As hard as it is to believe, I have never dined at Seattle’s Canlis Restaurant, a top caliber dining spot where the elite gathers to dine and enjoy being entertained.
A world famous American pianist, composer, and arranger, Walt Wagner, who is once more based in Seattle, Washington often plays at Canlis. No matter. I have never broken out my wallet and headed for Canlis.
Walt, who I get to call Walt because we played in the Foster High School band together, played trombone in school and classical piano at home.
My ego might be a bit overzealous, but I have always thought Walt’s and my collaborative time together during our high school band years explains how he became such a massive success in the music world.
While I played clarinet and sax, you might say I taught Walt everything I knew about music. Well, you might not say that, but I might. Some of our fellow band members observing Walt and I playing together in the old days might say, I did not know much. Admitting that may be true does not negate my opportunity to brag up the fact that I taught Walt everything I knew.
Had I kept up with my music, I could have played in the famous Walt Wagner Trio, or I could have been with him when he played on Johnny Carson’s Tonight Show.
Decades ago in the late 1960s, while driving down the main road in Spokane, Washington, in my 1967 Austin Healey 3000 Mk III with the top down and the 8-track playing, I spotted a restaurant reader-board that read, “Walt Wagner Trio.” I turned around on a dime and entered the restaurant to hear Walt.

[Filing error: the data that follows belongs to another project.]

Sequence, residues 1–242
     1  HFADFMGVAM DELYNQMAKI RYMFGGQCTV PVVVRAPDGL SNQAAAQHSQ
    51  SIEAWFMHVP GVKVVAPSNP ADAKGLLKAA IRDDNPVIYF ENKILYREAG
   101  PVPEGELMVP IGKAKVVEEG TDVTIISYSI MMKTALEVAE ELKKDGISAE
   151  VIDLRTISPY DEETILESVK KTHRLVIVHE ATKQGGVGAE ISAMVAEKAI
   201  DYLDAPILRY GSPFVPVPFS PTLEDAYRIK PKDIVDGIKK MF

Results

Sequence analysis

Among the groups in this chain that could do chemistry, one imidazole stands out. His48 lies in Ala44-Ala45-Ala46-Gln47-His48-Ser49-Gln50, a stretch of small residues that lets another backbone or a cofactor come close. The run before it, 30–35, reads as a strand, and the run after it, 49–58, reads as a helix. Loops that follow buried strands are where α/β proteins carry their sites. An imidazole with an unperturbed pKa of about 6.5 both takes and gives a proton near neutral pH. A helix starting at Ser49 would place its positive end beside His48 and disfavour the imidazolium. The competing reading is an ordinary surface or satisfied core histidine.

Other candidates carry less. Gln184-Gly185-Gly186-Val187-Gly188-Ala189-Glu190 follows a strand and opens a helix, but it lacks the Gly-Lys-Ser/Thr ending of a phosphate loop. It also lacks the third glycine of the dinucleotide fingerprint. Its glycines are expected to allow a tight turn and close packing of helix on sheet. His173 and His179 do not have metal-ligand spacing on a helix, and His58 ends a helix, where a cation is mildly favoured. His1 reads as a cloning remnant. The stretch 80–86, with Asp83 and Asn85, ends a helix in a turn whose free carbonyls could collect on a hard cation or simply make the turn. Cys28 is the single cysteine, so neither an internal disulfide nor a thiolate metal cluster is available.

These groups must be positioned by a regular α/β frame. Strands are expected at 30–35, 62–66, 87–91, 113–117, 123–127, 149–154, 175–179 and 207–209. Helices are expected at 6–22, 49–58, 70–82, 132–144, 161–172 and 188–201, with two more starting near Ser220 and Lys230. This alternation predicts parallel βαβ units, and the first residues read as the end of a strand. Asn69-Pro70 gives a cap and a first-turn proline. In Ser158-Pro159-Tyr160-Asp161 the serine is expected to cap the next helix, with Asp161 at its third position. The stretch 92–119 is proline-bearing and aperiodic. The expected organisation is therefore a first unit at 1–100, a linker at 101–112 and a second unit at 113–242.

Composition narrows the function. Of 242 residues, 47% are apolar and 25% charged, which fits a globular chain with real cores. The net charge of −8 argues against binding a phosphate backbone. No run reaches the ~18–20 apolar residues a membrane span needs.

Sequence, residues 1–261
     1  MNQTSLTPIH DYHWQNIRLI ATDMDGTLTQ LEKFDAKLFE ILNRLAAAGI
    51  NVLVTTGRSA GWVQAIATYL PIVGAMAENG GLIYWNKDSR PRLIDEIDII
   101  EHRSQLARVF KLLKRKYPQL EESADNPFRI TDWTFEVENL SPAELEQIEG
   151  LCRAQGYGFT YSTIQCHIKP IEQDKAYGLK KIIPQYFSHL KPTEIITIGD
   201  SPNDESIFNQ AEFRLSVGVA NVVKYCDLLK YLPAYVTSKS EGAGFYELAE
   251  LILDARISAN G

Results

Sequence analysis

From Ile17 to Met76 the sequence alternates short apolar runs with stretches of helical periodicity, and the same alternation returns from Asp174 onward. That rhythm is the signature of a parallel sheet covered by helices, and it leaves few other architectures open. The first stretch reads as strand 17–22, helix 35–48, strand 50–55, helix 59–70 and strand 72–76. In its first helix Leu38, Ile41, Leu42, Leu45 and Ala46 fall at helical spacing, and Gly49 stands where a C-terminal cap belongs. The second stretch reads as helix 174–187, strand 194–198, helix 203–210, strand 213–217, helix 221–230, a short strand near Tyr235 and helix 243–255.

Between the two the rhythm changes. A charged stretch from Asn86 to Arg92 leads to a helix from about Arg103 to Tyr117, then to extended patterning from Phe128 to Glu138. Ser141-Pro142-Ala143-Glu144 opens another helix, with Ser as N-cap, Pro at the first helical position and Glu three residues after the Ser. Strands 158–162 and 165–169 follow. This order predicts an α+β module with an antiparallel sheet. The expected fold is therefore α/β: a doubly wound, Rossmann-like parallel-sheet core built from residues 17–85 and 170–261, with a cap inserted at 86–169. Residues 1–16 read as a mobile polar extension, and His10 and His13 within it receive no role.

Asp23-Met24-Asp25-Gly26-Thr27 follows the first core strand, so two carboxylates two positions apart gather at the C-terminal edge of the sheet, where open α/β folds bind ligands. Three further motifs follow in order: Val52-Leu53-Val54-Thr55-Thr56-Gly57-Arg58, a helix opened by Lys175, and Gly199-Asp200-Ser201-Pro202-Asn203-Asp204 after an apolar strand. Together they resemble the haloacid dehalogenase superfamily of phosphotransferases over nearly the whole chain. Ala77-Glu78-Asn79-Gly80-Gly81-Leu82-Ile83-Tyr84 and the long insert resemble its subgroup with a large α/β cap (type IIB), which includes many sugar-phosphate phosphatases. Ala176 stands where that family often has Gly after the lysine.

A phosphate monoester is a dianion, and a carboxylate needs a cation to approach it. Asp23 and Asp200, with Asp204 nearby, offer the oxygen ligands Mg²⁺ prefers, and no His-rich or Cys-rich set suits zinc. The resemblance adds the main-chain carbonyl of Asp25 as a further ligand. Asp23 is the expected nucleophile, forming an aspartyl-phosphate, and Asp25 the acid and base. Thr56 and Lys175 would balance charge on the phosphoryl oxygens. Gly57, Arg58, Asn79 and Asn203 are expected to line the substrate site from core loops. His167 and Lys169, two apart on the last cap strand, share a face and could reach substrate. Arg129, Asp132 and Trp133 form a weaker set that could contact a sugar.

I sent a note up to the bandstand saying something like, “Hey unh! This is Joe Boyle from Foster High School holding down table #4.
Walt has always been such a down to earth guy. During his break, he sat with us for a fun visit. Everybody in the joint wondered who the big shot and his wife were. Well, I was not a big shot, but Walt made me feel like one.
The reason I have never been to Canlis with their valet parking is that when I was poor and starting out, I was financially traumatized by the Canlis à la carte menu pricing. Besides that, I could not cozy up to the idea of turning my car keys over to some stranger who Canlis called by the fancy name of Valet. Lastly, I have trouble pronouncing Valet.
So the other day my high school buddy, Larry King, whose musical talent is limited to playing the radio, suggested we have lunch together.
While the depression of 1929 occurred before I was born, I still inherited the negative impact of the financial crash through my parents and grandparents. My father-in-law almost starved in college back in 1929. Add to that the fact that the pricing at Canlis had traumatized me during my teenage dating years; I could still not drive up to Canlis. Yes, Larry and I could go to lunch, but not Canlis.
We wondered how we might enjoy a unique dining experience with some compelling music, savory food and a tasty beverage without emptying our wallets. After all, we are now both retired and on fixed incomes.
Larry said, “I have an idea. Let’s enjoy an Alley Lunch”.